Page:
2003: International Year Of Freshwater
The United Nations has declared the year 2003 as the International Year of Freshwater. This is a timely decision because of the global concern over the shortage of drinking water.
The world's population lives on the 2.5 per cent of the world's water that is both fresh and accessible. The largest reserve of freshwater is the Antarctic iceshelf, which has about 80 per cent of the world's supply of freshwater.
There is a great deal of concern about the shortage of freshwater in Australia. This is the world's oldest, flattest, driest continent. Indigenous Peoples made a success of living lightly upon the land for at least 140,000 years. They managed to survive on all the different climatic conditions.
But the European agriculture and lifestyles may not be compatible with Australia's environment. For example, there has been the destruction of trees for land clearing, which has caused problems with salination. Additionally, there has not been enough financial incentive to use water wisely.
It is worth noting that Australia is not the only country with freshwater problems.
In the Middle East, wars could be caused by water shortages. Indeed, there is a current American mediation between Israel and Lebanon. Also, Israel and Jordan are trying to save the Dead Sea; this is their biggest cooperation agreement since 1994.
Another example concerns China. Some of China's topsoil now goes to the US and Canada. The rapid economic development of China means that much of the country's rich arable land is being used for buildings and roads, and so all the development is degrading the soil. The prevailing winds pick up the dry soil off the land and carry it across the northern Pacific and into Canada and the California.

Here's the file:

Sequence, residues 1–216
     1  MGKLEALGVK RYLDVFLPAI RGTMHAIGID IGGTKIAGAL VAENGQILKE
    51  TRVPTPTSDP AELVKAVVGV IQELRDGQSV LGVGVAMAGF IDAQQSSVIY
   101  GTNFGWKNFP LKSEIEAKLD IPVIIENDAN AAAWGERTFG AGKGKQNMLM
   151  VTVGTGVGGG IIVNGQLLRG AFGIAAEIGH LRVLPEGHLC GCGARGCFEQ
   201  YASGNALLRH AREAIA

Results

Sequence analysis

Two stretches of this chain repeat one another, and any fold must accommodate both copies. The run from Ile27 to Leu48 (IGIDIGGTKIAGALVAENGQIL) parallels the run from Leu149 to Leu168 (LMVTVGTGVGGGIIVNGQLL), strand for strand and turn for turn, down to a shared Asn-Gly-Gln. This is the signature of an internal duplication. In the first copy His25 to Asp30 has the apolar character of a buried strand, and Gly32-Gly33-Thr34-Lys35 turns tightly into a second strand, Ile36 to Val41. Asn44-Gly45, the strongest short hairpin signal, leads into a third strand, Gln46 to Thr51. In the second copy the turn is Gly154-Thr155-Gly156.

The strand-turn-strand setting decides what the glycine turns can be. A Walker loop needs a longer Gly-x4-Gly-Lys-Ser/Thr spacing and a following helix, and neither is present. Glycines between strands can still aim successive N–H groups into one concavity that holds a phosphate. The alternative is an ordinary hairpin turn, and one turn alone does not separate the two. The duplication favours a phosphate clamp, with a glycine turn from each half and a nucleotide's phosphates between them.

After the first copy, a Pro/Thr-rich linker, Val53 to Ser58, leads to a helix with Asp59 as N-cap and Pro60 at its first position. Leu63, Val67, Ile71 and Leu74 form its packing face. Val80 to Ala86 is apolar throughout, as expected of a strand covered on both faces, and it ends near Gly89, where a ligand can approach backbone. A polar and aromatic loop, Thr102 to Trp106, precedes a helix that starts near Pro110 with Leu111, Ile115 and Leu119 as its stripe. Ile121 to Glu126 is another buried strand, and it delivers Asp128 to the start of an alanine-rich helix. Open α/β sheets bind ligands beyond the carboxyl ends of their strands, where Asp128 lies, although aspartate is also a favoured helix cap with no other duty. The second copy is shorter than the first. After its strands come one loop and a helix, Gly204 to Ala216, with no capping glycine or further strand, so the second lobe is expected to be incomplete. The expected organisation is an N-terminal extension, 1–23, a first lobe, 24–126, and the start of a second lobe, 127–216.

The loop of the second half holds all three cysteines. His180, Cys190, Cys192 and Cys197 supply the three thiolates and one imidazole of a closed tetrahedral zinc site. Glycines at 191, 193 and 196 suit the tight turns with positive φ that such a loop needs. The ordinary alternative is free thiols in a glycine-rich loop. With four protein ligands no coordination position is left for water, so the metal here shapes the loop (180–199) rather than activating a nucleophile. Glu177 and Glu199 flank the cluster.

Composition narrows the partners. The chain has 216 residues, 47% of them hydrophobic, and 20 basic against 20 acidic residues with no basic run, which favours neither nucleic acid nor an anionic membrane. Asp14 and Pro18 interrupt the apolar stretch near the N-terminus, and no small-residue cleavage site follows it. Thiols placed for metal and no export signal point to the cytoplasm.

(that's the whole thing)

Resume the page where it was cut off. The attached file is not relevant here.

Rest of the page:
Who will feed China? China's wheat harvest peaked at 123 million tons in 1997; the harvest has fallen in the four of the last five years and is now at 92 million tons. Ironically, if Australia could take better care of its own land, then it could become the breadbasket of China and so lead to an Australian rural renaissance (not least when China becomes the economic super power around 2050)
Wesley Mission has a great interest in these developments. It pioneered the wise use of water at the Cottee Orchard in South Australia. The orchard grows about one per cent of Australia's citrus fruit. Instead of the usual technique of just spraying water extensively over all the leaves, the Mission introduced the Israeli technique of selective watering of the roots. Far less water is used in this way.
At the Mission's Pendleton Farm retreat, also in South Australia, kitchen, shower and washbasin water ("grey water") is treated and then used for again for showers and water basins.
At Vision Valley, on the outskirts of Sydney, there is an immense recycling effort underway. The NSW Environmental Protection Authority has found the quality of the recycled treated water to be very high.
To conclude, it is worth bearing in mind that not only do humans have to live on 2.5 per cent of the world's freshwater, but it is the same freshwater from one generation to the next. No new freshwater is being invented. The water you drink has been, so to speak, drunk by many other people in many other previous centuries.
Keith Suter Consultant for Social Policy
Broadcast On Friday 1st November 2002 On Radio 2GB's "Brian Wilshire Programme" At 9pm.